A Way Forward: The Translational Impacts of World Trade Center Health Program ResearchPosted on by
In 2017 the National Institute for Occupational Safety and Health (NIOSH) contracted with the RAND Corporation to conduct a four-year study of the World Trade Center (WTC) Health Program’s research portfolio and its translational impact. The report was released on October 25, 2021. A summary follows.
The WTC Health Program is a federally mandated program that is administered by NIOSH to provide high-quality, compassionate healthcare to those with qualifying health conditions related to the 9/11 attacks and aftermath. The Program provides medical monitoring and treatment for eligible emergency responders, recovery and cleanup workers, and volunteers who helped at the World Trade Center, the Pentagon, and the crash site near Shanksville, Pennsylvania. The Program also provides initial health evaluations for eligible survivors, and medical monitoring and treatment for those who have qualifying health conditions.
As a part of the WTC Health Program, NIOSH initiated a Research to Care (R2C) approach aimed at turning scientific observations into healthcare interventions that improve and enhance the health and well-being of the 9/11 population. This is often referred to as research translation. This model also includes a community of practice approach designed to bring together practitioners, stakeholders, and researchers to move evidence-based research into practice. Together, these efforts serve as both an information resource and a research platform where WTC Health Program members can connect and collaborate with researchers and practitioners bringing forth ideas for research and sharing in structured community involvement opportunities.
The RAND report, Translational Impact of World Trade Center Health Program Research, examines the WTC Health Program research portfolio and its translational impact. The RAND study addressed four research questions:
(1) What topics and questions have been addressed in WTC health-related research?
(2) To what extent is WTC health-related research translational?
(3) What are the facilitators of and barriers to successful translation of WTC health-related research?
(4) To what extent has WTC health-related research had impact?
RAND systematically reviewed WTC Health Program research published in the peer reviewed literature. Using the NIEHS translational research framework, RAND researchers traced and assessed the research and described its impact. The NIEHS approach builds upon translational frameworks to describe how ideas and knowledge move from one type of biomedical evidence to another. In conducting this research, RAND used information from several diverse data sources, including insights gleaned from several structured focus groups and stakeholder interviews held in 2019 and 2020. Resulting data demonstrate how research has accrued over time, informed care, and guided policy and planning.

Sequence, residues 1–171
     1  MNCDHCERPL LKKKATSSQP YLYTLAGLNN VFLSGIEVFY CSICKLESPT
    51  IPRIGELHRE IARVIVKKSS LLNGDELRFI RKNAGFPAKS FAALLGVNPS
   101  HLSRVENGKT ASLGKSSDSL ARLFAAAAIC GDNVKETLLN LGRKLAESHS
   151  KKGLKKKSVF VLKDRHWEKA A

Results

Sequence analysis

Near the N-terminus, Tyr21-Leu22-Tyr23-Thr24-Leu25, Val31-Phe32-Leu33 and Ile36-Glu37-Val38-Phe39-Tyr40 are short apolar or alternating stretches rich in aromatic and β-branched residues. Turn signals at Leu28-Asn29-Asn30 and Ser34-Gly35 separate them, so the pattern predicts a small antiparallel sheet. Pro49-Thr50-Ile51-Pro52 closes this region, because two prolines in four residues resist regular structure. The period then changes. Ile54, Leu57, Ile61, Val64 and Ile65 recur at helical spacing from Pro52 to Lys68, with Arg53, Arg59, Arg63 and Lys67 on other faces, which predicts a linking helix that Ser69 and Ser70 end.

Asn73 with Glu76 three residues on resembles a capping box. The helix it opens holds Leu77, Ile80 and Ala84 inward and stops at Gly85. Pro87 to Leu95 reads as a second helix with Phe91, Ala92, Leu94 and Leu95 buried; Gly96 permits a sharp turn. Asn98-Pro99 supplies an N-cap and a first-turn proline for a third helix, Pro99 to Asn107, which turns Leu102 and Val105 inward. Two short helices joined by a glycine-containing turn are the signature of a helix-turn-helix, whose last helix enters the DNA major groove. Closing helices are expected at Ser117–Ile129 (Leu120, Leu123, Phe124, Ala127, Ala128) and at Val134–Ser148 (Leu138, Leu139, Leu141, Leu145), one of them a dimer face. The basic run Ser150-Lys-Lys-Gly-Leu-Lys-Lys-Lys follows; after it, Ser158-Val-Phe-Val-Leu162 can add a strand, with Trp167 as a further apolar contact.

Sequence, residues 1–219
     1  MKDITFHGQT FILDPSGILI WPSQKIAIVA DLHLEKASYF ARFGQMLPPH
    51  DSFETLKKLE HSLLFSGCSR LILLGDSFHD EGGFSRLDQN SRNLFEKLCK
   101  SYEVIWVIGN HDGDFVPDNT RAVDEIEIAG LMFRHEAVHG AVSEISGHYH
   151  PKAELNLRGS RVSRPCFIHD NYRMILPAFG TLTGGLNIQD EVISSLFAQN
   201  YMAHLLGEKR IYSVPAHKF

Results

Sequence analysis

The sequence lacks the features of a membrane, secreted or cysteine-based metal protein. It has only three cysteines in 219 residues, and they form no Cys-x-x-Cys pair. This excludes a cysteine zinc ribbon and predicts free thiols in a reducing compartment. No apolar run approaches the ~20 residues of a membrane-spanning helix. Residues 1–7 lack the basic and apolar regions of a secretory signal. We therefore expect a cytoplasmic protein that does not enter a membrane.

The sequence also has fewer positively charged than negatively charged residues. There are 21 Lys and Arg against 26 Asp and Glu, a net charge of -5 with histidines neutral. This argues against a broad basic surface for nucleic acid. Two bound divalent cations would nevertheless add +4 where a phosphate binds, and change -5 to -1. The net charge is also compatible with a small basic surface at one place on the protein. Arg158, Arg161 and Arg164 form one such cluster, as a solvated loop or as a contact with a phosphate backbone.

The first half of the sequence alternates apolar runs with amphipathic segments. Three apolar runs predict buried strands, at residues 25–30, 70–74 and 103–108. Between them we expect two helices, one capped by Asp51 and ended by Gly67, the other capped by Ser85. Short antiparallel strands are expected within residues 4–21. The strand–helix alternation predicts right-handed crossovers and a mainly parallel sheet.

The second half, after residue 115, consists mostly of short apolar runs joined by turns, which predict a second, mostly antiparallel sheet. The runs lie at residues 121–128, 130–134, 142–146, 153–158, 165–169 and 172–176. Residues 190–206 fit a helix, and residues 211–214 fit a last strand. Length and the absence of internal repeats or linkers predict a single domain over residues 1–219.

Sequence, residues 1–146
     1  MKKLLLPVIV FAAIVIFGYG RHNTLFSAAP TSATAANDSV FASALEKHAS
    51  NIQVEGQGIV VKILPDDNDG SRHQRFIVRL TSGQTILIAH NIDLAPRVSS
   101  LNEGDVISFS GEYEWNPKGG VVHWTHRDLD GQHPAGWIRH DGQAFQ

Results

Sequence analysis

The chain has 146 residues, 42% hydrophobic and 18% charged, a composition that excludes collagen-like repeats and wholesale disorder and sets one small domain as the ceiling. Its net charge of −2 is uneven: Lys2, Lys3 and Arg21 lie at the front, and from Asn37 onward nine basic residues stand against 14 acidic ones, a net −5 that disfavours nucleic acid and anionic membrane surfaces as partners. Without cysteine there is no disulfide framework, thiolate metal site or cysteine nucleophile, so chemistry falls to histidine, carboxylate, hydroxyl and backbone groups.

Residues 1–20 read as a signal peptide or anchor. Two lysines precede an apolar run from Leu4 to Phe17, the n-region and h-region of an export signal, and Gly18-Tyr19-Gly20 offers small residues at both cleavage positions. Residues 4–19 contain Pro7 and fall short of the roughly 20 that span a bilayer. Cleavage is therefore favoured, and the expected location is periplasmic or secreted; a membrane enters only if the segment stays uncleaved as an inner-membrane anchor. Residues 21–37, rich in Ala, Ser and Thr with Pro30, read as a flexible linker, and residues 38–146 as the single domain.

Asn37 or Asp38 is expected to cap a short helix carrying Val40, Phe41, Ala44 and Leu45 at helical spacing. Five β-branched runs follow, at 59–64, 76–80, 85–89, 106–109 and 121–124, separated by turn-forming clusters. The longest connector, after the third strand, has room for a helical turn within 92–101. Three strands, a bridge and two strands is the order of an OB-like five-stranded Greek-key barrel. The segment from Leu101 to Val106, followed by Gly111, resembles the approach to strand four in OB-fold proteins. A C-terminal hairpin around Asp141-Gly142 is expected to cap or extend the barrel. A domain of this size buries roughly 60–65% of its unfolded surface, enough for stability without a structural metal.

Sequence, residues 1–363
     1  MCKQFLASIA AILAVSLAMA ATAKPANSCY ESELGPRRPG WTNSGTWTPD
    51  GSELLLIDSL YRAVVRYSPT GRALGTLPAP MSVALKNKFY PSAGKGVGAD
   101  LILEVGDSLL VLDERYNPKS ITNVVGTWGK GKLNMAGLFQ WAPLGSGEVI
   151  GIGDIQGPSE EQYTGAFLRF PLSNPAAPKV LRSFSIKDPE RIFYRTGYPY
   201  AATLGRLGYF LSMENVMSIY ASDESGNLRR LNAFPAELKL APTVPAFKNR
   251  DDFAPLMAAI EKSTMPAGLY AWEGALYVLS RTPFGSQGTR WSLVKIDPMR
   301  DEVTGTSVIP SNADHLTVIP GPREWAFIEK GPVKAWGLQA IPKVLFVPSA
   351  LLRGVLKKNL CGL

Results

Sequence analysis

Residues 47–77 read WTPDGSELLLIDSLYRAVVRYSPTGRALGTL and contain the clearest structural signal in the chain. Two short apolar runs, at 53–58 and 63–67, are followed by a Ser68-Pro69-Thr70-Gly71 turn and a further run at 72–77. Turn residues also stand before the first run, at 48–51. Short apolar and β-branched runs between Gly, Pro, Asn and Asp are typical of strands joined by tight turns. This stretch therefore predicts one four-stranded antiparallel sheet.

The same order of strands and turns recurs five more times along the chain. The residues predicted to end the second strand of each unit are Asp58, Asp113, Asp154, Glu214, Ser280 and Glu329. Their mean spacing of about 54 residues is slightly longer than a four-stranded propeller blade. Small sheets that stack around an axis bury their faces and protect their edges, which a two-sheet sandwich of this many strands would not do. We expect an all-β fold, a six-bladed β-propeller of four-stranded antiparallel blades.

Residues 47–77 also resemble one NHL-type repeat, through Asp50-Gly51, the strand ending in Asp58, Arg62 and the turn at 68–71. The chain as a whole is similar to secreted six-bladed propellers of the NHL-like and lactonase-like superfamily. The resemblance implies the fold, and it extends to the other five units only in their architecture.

What topics and questions have been addressed in WTC health-related research?
- WTC health-related research addresses a wide range of health conditions and is balanced across Member populations.
- There is a high concentration of research addressing fundamental questions about the health effects of 9/11 and a lower concentration of research on health care interventions for affected populations.
What are the facilitators of and barriers to translation of WTC health-related research?
- Facilitators of research translation include a focused mission to improve care through research, research infrastructure, and communication and dissemination of findings. Barriers to research translation include methodological limitations; fragmentation of the health care system; funding constraints; variable definitions of translation; and misaligned expectations about research.
To what extent is WTC health-related research translational?
- Program leaders, researchers, clinicians, and Members understand the fundamentals of translation and can describe, in their own words, how research is used. However, almost all stakeholders struggled to give a comprehensive definition.
- The Program has a strong record of documenting and disseminating Program-funded research, but the range of stakeholder preferences for receiving information about WTC health-related research is broad and presents challenges.
To what extent has WTC health-related research had impact?
- Program research is used in decisions about care, planning, and policy.
- Stakeholders want to know how they can contribute to maximizing impacts of research. Some stakeholders may need information and guidance to support their involvement in Program policy, planning, and research.
The report offered the following four recommendations to reinforce and strengthen the translation impacts of WTCHP research.
1.The WTC Health Program should further develop existing research infrastructure and processes for conducting timely, objective, continuous reviews of the Program research portfolio.
NIOSH Response: The WTC Health Program has initiated efforts to identify, collect and evaluate WTC-related research. Recent examples of these efforts are:
- Continuous development and maintenance of the research compendium that documents the WTC research portfolio.
- Recent publications in the peer-reviewed literature by Program staff documenting reviews. [1-5]
- A systematic review of the research on young adults exposed to 9/11 as children (< 21 years of age) expected in FY 2022.
2.The WTC Health Program should continue to gather input from stakeholders on a novel translational research framework.
NIOSH Response: The WTC Health Program is committed to continued dialogue with community members, clinicians, scientists, Program membership, and others. Previous experience dictates that information gained by the Program from interactions with the WTC community often initiates or refines Program action. Recent examples of actions include: